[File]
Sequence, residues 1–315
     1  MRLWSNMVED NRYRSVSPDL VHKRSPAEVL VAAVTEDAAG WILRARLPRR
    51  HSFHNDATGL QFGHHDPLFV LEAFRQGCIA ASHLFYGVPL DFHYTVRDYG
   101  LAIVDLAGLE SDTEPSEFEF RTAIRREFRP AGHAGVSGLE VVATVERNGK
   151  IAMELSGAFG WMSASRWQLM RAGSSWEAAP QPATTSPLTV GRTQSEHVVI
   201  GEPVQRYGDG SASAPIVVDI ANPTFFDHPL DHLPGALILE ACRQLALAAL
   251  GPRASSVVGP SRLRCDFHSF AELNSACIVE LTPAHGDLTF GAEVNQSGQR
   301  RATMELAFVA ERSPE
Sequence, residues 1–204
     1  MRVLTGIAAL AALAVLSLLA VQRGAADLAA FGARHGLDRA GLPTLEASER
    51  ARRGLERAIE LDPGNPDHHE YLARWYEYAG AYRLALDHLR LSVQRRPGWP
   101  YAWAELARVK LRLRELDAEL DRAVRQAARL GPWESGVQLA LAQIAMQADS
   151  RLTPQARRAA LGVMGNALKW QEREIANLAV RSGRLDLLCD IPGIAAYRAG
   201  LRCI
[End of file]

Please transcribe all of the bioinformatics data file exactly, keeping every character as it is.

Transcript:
Sequence, residues 1–315
     1  MRLWSNMVED NRYRSVSPDL VHKRSPAEVL VAAVTEDAAG WILRARLPRR
    51  HSFHNDATGL QFGHHDPLFV LEAFRQGCIA ASHLFYGVPL DFHYTVRDYG
   101  LAIVDLAGLE SDTEPSEFEF RTAIRREFRP AGHAGVSGLE VVATVERNGK
   151  IAMELSGAFG WMSASRWQLM RAGSSWEAAP QPATTSPLTV GRTQSEHVVI
   201  GEPVQRYGDG SASAPIVVDI ANPTFFDHPL DHLPGALILE ACRQLALAAL
   251  GPRASSVVGP SRLRCDFHSF AELNSACIVE LTPAHGDLTF GAEVNQSGQR
   301  RATMELAFVA ERSPE
Sequence, residues 1–204
     1  MRVLTGIAAL AALAVLSLLA VQRGAADLAA FGARHGLDRA GLPTLEASER
    51  ARRGLERAIE LDPGNPDHHE YLARWYEYAG AYRLALDHLR LSVQRRPGWP
   101  YAWAELARVK LRLRELDAEL DRAVRQAARL GPWESGVQLA LAQIAMQADS
   151  RLTPQARRAA LGVMGNALKW QEREIANLAV RSGRLDLLCD IPGIAAYRAG
   201  LRCI